So, I’m left wondering when private school at an elitist institution became America’s promise? Why are parents, of any race or ethnicity, willing to sacrifice so much to send their children to institutions of such academic rigor and soul-crushing workloads? What’s the trophy they’re hoping to collect? I wonder if people spent half the amount of time and money they spend on private school tuition and all of its associated extras on supporting public education, community institutions and simply spending quality time with their children, where we’d be as a country? Personally, I just pulled my two older boys out of private school. Not only is my bank account a thousand times happier, but my boys are too as they have a far more diverse student body to be a part of, more eclectic courses to choose from and quite frankly, a more realistic perspective of the current state of world affairs. And I’m confident both of my boys will be going to top-ranked colleges when they graduate because the academics are also really rigorous. And if they don’t, they’ll go to a second-tier rated college and still be fine.

Check back in four years and I’ll let you know how things worked out for son #1. Sadly, I don’t have a camera charting his progress.

So, dear readers. Have any of you seen American Promise? What did you think? I would really love to hear other people’s opinions.

Peace!

The “PeanutizeMe” Game Works for Families with Different Colors

Hi Meltingpot Readers,

That's me as a Peanuts character. Don't you love my hair!

That’s me as a Peanuts character. Don’t you love my hair!

Because you need something else to procrastinate with online, I offer up the opportunity to turn yourself into a Peanuts character. Yes, this is just some slick promotion for the upcoming Peanuts movie, hitting theaters on November 6, but I’m willing to overlook the obvious publicity play. Why? Because it’s so fun AND because whoever works in the marketing department over there at Peanuts headquarters understands that both Peanuts and people come in different skin colors and have different hair textures. It sounds so simple, but it makes such an impression when somebody in Hollywood pays attention to the fact that Black and brown people want to play too. And that it’s not that hard to be inclusive. Way to go Peanuts movie people! Not only do I now want to go see the movie, my three kids do too. Score!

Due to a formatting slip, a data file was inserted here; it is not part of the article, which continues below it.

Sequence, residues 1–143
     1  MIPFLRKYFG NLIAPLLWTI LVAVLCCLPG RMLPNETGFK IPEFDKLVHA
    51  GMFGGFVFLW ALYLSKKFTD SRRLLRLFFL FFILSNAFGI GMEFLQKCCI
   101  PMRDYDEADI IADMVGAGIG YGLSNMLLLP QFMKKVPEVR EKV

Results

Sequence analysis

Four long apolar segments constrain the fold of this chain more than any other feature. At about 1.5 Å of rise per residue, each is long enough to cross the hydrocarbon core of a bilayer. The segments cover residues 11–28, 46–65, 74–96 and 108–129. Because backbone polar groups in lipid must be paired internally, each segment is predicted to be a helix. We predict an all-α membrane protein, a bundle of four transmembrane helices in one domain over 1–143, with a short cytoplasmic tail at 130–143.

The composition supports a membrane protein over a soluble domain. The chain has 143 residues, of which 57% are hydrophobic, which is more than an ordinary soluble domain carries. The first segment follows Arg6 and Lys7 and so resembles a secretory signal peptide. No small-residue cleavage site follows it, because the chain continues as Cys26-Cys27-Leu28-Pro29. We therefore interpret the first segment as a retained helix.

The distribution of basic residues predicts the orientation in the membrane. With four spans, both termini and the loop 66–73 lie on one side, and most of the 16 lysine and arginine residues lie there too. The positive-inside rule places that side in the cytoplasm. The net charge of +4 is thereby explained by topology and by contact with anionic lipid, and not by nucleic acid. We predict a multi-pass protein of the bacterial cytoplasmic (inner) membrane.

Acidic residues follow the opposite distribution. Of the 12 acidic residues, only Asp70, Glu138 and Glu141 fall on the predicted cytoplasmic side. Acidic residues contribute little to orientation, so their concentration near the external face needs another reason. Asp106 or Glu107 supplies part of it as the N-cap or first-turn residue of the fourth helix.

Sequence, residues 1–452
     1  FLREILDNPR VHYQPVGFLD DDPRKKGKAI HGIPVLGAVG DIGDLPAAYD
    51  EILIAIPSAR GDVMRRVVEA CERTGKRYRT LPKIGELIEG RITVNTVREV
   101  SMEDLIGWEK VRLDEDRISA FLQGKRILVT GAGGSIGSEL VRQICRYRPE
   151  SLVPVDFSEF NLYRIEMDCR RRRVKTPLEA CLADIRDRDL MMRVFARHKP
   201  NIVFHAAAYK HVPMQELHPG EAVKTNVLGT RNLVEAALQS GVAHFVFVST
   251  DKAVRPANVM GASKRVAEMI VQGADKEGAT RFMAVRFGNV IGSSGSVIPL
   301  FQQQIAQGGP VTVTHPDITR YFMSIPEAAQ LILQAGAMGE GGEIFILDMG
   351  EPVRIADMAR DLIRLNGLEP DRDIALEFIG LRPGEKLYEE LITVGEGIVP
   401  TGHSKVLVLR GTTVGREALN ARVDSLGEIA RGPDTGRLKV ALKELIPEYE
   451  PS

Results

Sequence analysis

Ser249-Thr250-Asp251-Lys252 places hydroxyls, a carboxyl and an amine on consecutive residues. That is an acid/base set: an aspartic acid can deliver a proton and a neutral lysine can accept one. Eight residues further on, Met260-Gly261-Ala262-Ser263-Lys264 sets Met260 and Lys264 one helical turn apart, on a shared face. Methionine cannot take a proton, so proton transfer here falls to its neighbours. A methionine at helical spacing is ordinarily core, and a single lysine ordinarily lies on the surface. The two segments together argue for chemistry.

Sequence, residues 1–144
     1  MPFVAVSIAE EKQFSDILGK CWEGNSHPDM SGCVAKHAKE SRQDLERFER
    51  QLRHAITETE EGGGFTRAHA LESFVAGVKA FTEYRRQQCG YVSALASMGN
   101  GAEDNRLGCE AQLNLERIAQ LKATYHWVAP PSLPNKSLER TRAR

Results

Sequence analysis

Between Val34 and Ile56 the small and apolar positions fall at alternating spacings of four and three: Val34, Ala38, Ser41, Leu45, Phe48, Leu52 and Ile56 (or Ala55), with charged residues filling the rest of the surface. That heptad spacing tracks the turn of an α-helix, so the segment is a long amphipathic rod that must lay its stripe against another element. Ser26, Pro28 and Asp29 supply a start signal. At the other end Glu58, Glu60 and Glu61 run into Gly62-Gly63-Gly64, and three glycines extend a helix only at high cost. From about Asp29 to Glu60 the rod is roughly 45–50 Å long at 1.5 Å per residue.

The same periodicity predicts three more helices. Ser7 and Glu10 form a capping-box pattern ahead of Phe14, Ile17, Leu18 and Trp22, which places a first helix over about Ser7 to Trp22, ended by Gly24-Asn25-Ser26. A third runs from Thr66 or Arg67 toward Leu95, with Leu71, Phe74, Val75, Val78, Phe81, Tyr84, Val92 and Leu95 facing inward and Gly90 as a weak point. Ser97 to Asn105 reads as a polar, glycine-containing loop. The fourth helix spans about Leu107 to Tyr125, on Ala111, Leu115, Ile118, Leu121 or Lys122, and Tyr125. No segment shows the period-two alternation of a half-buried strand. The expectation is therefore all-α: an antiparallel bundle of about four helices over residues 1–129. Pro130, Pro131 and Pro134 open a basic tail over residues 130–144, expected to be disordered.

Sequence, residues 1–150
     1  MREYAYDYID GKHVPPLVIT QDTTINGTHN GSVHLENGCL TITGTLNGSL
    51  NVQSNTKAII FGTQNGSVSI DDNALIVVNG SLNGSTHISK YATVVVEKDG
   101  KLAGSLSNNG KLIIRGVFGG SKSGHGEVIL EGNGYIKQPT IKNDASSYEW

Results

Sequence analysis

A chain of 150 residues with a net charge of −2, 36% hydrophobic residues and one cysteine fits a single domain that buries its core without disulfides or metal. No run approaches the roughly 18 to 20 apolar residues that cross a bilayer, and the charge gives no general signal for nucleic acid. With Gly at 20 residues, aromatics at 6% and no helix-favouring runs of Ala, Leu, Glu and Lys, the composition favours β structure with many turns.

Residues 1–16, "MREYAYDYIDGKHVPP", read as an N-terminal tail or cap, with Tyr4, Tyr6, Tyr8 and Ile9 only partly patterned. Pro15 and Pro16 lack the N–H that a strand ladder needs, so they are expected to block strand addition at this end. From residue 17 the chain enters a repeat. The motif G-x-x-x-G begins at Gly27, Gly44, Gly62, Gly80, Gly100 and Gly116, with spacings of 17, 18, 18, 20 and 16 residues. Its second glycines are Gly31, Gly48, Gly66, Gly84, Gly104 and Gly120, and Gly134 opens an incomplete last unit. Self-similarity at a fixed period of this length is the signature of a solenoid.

P.S. Peanuts People, thanks for including the dredlocks!

Will “White People Believe Anything” About Race?

Hello Meltingpot Readers,

Filmmaker Lacey Schwartz at the Brooklyn Historical Society

Filmmaker Lacey Schwartz at the Brooklyn Historical Society

Pardon the delay in posting, but we had some technical difficulties. But I’m back now. And so happy to be here to tell you about a great event I went to on Monday in Brooklyn. In honor of Loving Day, the Brooklyn Historical Society hosted a screening of Lacey Schwartz’s amazing documentary, Little White Lie, followed by a discussion with Schwartz moderated by my neighbor and friend, the writer Lise Funderberg. Needless to say, it was an evening well spent.

Little White Lie is a completely raw and honest racial identity story. Schwartz grew up in Woodstock, New York in the 80s and 90s in a “nice Jewish family,” believing she was “a nice Jewish girl.” The only thing was, her skin was really brown and her hair was really curly. Really curly. In the film we learn that Schwartz’s parents explained their daughter’s complexion and hair with the suggestion that she favored a distant relative from Sicily. He was dark too. Without giving too much away, they lied. That is, at least one parent lied.